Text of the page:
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Should My Cat Go to the ER?

Here are 6 good reasons to haul tail.

by Alycia Washington, DVM
May 21, 2021
Uncomfortable looking gray cat sitting on a window sill

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Cats! They can be weird. This makes it extra-difficult to know when something is up with them. But it doesn’t make it any less important to figure out what’s wrong in a timely manner. When your pet is sick, getting them to the ER quickly can be a life and death situation. But don’t let the pressure get the best of you — just prepare yourself by reading over these six reasons to rush to the emergency room.

1. Straining to urinate

Most cats will gamely demonstrate that they’re having problems peeing by making frequent trips to the litter box, squatting to pee outside the box, or vocalizing while they try to go. These signs can be because of a urinary tract infection, sterile bladder inflammation, bladder stones, or a urinary obstruction — and the ER can provide much-needed relief. If your cat is completely unable to urinate, that’s a genuine emergency. (It basically means the body can’t get rid of waste products.) Urinary obstructions often develop because of urinary crystals, mucus plugs, bladder stones, or a combination of these conditions. This can lead to bladder pain, kidney damage, and serious electrolyte abnormalities. Urinary obstructions can quickly become life-threatening without treatment — so don’t waste time second-guessing a trip to the ER.

2. Constant vomiting

Don’t confuse this with that thing where your cat revenge-pukes on the book you’ve been reading. This is when your cat vomits on your book, then the floor, then the bed... That’s when it’s time to go to the vet. Vomiting may be a sign of a gastrointestinal obstruction, organ dysfunction, or dietary indiscretion — and blood work or radiographs can determine if your cat needs medical management for GI upset or even surgery. There’s a lot of fluid loss associated with vomiting and your cat can quickly become dehydrated if the vomiting is left untreated, so some form of fluid therapy is usually needed. Timing is everything!

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3. Abnormal breathing

While it’s normal for dogs to pant when they’re hot, excited, or exercising, cats prefer to keep their breathing under control. Labored breathing can develop from inflamed airways, infection, or fluid accumulation in or around the lungs. Changes in breathing may be subtle — your cat may stretch its neck forward to try to get more air or display exaggerated movement of their chest or abdomen with each breath. Cats with respiratory disease can go from unwell to unstable quickly, so get your kitty to the vet if there are any changes in their breathing.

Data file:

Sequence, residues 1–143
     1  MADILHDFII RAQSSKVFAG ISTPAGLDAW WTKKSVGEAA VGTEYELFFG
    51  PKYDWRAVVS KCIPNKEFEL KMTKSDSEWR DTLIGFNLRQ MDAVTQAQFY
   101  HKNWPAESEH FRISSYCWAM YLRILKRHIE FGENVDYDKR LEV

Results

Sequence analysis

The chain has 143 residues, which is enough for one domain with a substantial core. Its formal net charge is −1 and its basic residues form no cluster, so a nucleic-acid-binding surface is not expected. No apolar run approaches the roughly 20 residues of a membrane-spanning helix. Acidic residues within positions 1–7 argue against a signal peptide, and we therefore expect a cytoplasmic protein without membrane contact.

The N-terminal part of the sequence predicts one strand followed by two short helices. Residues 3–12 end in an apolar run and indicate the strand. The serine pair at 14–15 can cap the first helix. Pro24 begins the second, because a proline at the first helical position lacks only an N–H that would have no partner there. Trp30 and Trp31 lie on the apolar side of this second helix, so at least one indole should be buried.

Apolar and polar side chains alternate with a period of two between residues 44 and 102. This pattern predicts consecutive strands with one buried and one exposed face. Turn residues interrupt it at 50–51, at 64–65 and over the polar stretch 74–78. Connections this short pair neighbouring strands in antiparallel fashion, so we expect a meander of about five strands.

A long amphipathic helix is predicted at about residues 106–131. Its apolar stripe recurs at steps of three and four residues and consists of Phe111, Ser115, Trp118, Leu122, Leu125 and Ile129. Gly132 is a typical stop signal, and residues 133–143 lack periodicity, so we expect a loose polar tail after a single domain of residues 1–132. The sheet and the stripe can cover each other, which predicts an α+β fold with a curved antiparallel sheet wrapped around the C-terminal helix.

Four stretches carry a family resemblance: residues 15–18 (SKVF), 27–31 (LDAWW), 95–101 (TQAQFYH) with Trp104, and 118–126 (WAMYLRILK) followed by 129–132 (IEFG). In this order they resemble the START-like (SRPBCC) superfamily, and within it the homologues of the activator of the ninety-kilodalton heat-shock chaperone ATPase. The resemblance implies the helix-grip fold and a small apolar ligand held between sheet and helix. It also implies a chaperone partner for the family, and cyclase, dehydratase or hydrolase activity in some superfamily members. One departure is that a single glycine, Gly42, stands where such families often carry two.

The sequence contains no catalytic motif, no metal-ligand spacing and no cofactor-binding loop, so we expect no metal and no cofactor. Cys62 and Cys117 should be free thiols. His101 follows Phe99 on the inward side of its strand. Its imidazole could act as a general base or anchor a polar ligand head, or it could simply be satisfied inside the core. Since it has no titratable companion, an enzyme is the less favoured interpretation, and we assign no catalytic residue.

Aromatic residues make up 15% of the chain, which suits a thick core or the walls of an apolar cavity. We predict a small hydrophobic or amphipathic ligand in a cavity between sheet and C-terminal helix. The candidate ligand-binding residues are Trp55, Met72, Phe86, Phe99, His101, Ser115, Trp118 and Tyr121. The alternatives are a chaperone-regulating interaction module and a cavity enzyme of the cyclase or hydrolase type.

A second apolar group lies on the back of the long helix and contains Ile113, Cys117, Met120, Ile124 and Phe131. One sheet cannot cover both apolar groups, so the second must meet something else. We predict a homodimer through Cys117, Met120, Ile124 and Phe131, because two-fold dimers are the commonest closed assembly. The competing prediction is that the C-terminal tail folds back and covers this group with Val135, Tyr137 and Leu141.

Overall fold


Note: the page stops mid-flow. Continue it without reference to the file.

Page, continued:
4. Trauma

If your cat gets hit by a car, gets into a scuffle with another animal, or has an otherwise traumatic accident, they should be evaluated by a vet. Professional wound care and antibiotics prevent bites and other injuries from developing nasty infections. Internal bleeding and lung injuries may be hard to spot right away since cats are experts at hiding the extent of their discomfort. It’s better to be safe and have your cat examined so that you don’t have to worry about what you’re not able to see.

5. Bumping into things

This isn’t about your cat’s desire to ram into your ankles as soon as you walk through the door. This is more about a sudden difficulty in getting to the litter box or food bowl without knocking into things en route. If your cat was cruising smoothly yesterday and seems discombobulated today, get them to the vet. They could be experiencing sudden blindness because of hypertension, infection, glaucoma, and degenerative disease. Severe hypertension can lead to detached retinas (the part of the eye that receives light). It can also damage the kidneys, heart, and brain if left unchecked. Yikes. No matter the cause of vision loss, early diagnosis and treatment is vital for your cat to regain their sight.

6. Your cat is being weird (in a concerning way)

You know the particular ways in which your cat tends to be weird, so if you’re seeing something new, you’re right to be concerned. Maybe your chowhound (er, chowkitty?) is refusing food. Maybe your turbo cat doesn’t want to get out of bed. Sudden weakness, hiding, and/or constant vocalization aren’t normal. It’s never a bad idea to contact your vet or the ER after hours for advice if you feel something is off. They can provide guidance on whether you should come in right away or wait to see your primary care vet when they’re available.

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alycia washington, dvm

Alycia Washington, DVM

Alycia Washington, DVM, is a small animal emergency veterinarian based in North Carolina. She works as a relief veterinarian and provides services to numerous emergency and specialty hospitals. Dr. Washington is also a children’s book author and freelance writer with a focus on veterinary medicine. She has a special fondness for turtles, honey bees, and penguins — none of which she treats. In her free time, Dr. Washington enjoys travel, good food, and good enough coffee.